La La Land

2hrs 8mins | Rated M | Offensive language

Starring: Emma Stone, Ryan Gosling, Finn Wittrock

"It's an iridescent sparkle that lasts all the way to the clever, perfect ending of a clever, perfect film." NZ Herald 5 STARS

Brilliantly written and directed by 31-year-old Damien Chazelle (Whiplash), La La Land does nothing less than jolt the movie musical to life for the 21st century. There's not an ounce of Broadway fat on this love story that raises its voice and moves its feet because it has to – because it’s the best and maybe the only way to speak its heart. You leave exhilarated by Chazelle's nonstop inventiveness, dazzled by the performances of Emma Stone and Ryan Gosling as star-crossed lovers wary of happy endings, and thrilled that they figured out how to make movies magic again. What makes La La Land such a hot miracle is how the passion for cinema and its possibilities radiates from every frame.
In blunt description, this present-day Hollywood tale doesn't seem revolutionary. Just wait. Stone plays Mia Dolan, an actress doing the barista thing at a coffee shop on the Warner Bros lot while waiting to be discovered so she can write and star in the kind of non-comic-book entertainments nobody makes any more. Ryan Gosling is Sebastian Wilder, a jazz man doing the piano bar thing while waiting for jazz to come back so he can open a club and play the music he wants to play. These impatient throwbacks meet on a clogged L.A. freeway, flipping each other the bird as their cars pass in the snarled morning traffic.
As Mia and Sebastian get past their hostilities and into frisky flirting, La La Land moves all around its titular town. Mia hears Sebastian sing the jazzy, meltingly lovely "City of Stars," a tune of his own composing that should have the Best Song Oscar in its pocket. In the Hollywood Hills, the two sway in time ("A Lovely Night"), taking their first steps toward something deeper. Sex is easy; it's love that's hard. Sharing a bond with the past, the two hit a revival house to see James Dean in Rebel Without a Cause; they then head off to Griffith Observatory, featured in Rebel, to literally dance off into the stars.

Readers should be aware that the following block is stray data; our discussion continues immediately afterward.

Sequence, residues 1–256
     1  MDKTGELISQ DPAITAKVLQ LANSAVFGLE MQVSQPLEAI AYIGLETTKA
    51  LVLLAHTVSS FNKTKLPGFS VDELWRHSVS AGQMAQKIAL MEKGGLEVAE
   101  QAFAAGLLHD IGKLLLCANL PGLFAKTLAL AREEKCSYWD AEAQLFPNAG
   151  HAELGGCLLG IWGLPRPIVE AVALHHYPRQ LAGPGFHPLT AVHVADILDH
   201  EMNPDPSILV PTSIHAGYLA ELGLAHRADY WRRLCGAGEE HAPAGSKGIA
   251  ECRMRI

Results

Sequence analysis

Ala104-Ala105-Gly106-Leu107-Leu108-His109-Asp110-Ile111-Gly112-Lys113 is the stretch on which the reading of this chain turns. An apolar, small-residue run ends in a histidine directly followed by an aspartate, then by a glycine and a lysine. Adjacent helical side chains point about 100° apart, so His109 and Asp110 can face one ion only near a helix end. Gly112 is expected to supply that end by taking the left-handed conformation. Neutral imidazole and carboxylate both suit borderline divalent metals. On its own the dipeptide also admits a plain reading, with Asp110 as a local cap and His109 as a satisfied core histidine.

TStone and Gosling are all kinds of terrific. Though hardly born to the musical genre like, say, Fred Astaire and Ginger Rogers, these intuitive actors make Mia and Sebastian's yearning for lyrical expression wonderfully alive and touching. They just crush it. Gosling's acting in films as diverse as The Notebook, Lars and the Real Girl, Blue Valentine and Drive, always made me think he could do anything; now I'm convinced of it. And Stone is incandescent: Instinctively understanding she's found the role of her career, she gives it all she's got and makes it seem effortless. Her final number, "Audition (The Fools Who Dream)," is a plaintive showstopper. The Academy damn well better crown Stone, Gosling, Chazelle and their glorious movie with Oscar love. The sheer perfection of La La Land deserves nothing less. It sweeps you away on waves of humor, heartbreak and ravishing romance. It's the movie of the year.

Rolling Stone